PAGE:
(Experiment 1: Difference in Etched Thickness of Si at Temperature Up Step Before Epitaxial Film Growth

FIG. 3 shows the time dependency of a decreased etched thickness of non-porous monocrystalline silicon by etching of a surface thereof in two epitaxial growth systems A and B. The system A is one having an apparatus provided with a load-lock chamber, and the system B is one having an open type reaction chamber without a load-lock chamber.

Specifically, as detailed below, the apparatus of the system A is provided with a load-lock chamber to allow taking in and out of wafers without directly exposing a reaction chamber to the atmosphere.

The leakage amount from the reaction chamber is preferably 20 mTorr/min or less, more preferably 10 mTorr/min or less.

Also, the leakage amount from a gas panel of the gas supply system is preferably 0.5 psi/24 h, more preferably 0.2 psi/24 h.

Also again, as the supply gas, a highly purified gas is preferable. Specifically, when, for example, H2 gas is used to carry out the pre-bake step, it is preferable to use H2 gas that passed through a gas purifier located within about 20 meters, preferably about 10 meters from the apparatus. As the purifier, there are preferably used one the type for passing the gas through heated palladium diffusion cells or the filter type one having an adsorbent.

FIG. 2 shows a schematic view of the treatment apparatus, in which reference numeral 21 denotes a reaction chamber (process chamber), reference numeral 22 denotes a load-lock chamber, reference numeral 32 denotes a carrier chamber (transport chamber), a reference numeral 23 denotes a gate valve which provides a partition between the reaction chamber 21 and the carrier chamber 32, and reference numeral 24 denotes a gate valve which provides a partition between the carrier chamber 32 and the load-lock chamber 22. Reference numeral 25 denotes a heater such as a lamp for heating substrate W, reference numeral 26 denotes a susceptor for holding the substrates W thereon, reference numerals 27, 28, and 33 denote exhaust systems for exhausting respectively the reaction chamber 21, the load-lock chamber 22, and the carrier chamber 32, reference numeral 29 denotes a gas supply system for introducing a processing gas into the reaction chamber 21, and reference numerals 30 and 34 denote gas supply systems for introducing a gas respectively into the carrier chamber 32 and the load-lock chamber 22 to purge or pressure-increase the inside thereof. Reference numeral 31 denotes a carrier arm for carrying the substrate W in or out of the reaction chamber 21. Reference numeral 35 denotes a wafer cassette. Further, there can be used such a modification that the load-lock chamber 22 is integrated with the carrier chamber 32 for housing the carrier arm, instead of separating it from the carrier chamber 32 with the gate valve 24.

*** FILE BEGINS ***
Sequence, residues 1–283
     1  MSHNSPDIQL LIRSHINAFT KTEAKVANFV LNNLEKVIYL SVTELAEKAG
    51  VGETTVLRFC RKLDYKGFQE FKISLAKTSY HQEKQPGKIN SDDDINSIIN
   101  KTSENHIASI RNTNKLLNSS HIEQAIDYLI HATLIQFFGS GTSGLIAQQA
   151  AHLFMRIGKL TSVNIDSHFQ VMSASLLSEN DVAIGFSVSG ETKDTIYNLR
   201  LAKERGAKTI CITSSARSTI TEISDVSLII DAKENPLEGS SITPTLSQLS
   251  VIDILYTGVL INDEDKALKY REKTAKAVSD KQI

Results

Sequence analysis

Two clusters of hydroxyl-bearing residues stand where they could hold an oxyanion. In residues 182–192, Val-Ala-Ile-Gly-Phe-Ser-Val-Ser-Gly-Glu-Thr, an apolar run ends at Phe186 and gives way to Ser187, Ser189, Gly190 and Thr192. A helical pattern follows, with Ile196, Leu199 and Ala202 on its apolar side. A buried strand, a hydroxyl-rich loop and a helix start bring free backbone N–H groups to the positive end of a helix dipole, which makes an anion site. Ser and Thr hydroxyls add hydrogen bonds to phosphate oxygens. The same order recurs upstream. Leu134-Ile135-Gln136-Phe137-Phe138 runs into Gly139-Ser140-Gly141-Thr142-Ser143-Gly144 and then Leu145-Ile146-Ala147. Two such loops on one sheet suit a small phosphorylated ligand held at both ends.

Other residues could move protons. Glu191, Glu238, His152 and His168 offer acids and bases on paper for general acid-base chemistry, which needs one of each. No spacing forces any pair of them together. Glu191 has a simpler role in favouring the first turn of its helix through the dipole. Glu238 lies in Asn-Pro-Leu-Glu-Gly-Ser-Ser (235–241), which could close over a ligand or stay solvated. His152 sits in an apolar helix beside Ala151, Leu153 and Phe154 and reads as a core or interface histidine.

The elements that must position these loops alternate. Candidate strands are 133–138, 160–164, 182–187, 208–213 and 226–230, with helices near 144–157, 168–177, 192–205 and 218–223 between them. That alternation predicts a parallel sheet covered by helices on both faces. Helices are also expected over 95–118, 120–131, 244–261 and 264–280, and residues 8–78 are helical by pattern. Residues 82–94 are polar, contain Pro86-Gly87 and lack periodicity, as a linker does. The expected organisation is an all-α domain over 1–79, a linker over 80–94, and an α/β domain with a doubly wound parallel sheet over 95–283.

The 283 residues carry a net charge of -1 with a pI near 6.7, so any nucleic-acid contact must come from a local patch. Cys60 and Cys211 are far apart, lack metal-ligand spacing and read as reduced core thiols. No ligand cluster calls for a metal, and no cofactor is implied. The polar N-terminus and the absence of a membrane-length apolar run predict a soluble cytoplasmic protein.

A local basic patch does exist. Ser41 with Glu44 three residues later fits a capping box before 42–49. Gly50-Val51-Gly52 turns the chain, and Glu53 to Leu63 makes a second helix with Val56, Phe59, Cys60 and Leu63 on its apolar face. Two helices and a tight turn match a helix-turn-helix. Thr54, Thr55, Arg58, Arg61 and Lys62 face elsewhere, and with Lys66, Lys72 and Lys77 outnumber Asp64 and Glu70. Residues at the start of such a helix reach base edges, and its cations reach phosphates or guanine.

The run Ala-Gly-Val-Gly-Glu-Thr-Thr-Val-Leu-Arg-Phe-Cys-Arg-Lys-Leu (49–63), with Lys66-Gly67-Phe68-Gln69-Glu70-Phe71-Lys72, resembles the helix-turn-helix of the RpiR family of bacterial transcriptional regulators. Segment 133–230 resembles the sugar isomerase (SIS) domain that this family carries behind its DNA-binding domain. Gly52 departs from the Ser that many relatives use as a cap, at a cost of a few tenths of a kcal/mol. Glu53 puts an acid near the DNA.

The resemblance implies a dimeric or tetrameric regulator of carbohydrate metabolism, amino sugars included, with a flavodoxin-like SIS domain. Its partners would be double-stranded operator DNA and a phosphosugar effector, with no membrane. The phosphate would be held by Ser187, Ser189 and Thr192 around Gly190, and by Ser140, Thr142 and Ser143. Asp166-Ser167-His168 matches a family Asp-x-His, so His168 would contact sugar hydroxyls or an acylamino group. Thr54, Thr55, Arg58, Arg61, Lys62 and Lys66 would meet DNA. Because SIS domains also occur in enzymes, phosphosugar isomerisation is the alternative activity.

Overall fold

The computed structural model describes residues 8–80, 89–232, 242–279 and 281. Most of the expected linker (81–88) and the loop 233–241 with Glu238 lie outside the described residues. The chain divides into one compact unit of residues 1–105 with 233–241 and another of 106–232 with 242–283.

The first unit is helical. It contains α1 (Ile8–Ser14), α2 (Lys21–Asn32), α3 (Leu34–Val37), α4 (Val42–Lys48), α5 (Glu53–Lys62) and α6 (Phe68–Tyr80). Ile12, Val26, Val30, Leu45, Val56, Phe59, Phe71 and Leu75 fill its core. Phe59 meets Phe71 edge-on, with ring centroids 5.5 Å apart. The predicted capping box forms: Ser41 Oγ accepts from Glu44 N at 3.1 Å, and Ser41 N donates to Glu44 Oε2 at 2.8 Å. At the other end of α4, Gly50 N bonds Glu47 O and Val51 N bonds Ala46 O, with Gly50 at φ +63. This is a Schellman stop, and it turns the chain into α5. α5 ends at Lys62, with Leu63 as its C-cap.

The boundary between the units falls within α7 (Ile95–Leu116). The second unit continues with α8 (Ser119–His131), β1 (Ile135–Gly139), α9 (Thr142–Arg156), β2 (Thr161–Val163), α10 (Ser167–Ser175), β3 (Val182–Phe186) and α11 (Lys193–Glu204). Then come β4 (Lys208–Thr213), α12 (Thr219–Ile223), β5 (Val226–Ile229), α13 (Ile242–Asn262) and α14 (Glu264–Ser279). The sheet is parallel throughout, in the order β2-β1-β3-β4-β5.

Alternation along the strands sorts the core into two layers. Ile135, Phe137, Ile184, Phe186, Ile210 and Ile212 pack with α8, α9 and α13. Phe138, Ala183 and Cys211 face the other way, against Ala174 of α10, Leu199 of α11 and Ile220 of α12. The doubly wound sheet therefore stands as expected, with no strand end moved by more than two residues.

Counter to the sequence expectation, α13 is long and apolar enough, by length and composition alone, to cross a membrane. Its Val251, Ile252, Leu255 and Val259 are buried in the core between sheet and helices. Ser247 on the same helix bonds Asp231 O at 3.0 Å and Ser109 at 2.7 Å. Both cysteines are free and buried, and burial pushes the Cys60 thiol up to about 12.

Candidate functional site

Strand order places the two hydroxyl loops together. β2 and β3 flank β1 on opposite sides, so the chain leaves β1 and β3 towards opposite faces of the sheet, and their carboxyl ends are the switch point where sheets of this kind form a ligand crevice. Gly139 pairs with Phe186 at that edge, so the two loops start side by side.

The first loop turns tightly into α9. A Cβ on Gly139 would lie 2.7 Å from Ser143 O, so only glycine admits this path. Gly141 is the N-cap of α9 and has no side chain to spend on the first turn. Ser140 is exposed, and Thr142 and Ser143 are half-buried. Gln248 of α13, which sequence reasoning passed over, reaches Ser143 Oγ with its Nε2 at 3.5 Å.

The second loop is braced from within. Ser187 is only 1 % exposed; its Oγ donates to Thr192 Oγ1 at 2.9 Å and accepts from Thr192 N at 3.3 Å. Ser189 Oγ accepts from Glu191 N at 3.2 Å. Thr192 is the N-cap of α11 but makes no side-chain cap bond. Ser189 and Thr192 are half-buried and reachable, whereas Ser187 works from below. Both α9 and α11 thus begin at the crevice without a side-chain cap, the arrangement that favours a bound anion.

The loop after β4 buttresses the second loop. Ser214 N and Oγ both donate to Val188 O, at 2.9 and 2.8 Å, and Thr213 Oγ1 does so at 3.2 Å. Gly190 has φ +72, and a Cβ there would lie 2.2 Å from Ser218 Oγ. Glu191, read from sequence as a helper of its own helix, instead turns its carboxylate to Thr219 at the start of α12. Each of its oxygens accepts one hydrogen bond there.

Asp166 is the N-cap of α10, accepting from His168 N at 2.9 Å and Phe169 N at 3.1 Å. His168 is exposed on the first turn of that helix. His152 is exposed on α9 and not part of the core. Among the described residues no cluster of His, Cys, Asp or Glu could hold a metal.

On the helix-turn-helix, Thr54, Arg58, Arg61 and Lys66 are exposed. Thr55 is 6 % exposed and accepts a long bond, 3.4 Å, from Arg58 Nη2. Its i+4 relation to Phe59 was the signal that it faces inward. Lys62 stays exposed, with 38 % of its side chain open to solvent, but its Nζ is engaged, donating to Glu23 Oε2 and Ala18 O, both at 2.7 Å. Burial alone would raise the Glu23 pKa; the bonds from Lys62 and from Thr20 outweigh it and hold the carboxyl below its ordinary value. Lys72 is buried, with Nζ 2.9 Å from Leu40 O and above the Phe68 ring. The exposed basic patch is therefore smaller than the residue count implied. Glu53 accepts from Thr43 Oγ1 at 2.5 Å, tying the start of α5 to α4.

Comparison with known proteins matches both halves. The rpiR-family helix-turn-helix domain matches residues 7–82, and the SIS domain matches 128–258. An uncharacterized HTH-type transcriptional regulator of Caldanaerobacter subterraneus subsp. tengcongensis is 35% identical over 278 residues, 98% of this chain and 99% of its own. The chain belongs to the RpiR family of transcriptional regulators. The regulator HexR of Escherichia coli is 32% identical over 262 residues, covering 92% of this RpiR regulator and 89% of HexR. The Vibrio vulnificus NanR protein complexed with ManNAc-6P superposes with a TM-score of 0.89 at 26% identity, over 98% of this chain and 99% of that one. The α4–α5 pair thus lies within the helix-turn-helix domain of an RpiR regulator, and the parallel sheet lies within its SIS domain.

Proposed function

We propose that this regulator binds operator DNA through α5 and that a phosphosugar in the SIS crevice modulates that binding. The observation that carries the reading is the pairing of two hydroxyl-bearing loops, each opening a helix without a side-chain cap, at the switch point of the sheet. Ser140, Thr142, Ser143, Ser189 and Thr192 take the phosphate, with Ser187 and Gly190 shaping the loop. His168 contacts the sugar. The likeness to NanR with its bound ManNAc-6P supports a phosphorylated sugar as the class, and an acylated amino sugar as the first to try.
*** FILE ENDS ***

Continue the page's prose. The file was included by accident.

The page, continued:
Note here that heat treatment conducted using such a treating apparatus equipped with a load-lock chamber is referred to as “heat treatment in system A” for convenience.

In the system A, the heater of the reaction chamber can be energized beforehand to pre-heat the susceptor, etc. to 600 to 1000° C.

By using this method, it is possible to increase the temperature of a wafer put into the reaction chamber up to 600 to 1000° C. in about 10 seconds, thus enabling to reduce the temperature up time and also to suppress the progressing of change in pore state at the porous silicon surface due to this heat treatment.

In system A, the heat treatment was conducted at 1100° C. and at 600 Torr, while in system B, it was conducted at 1050° C. and at 760 Torr, and the heat-treating atmosphere was hydrogen for both systems. The etched thickness was determined by using an SOI substrate and measuring an amount of decrease in thickness of the SOI layer, i.e. the monocrystalline silicon layer.

In system B, even with the heat treatment time being zero, the etched thickness is as much as 7 nm or more. This refers to the etched thickness when the substrate to be treated was heated to the set temperature and then cooled immediately. This means that only with a temperature rise, the silicon film thickness decreased by as much as about 7 nm.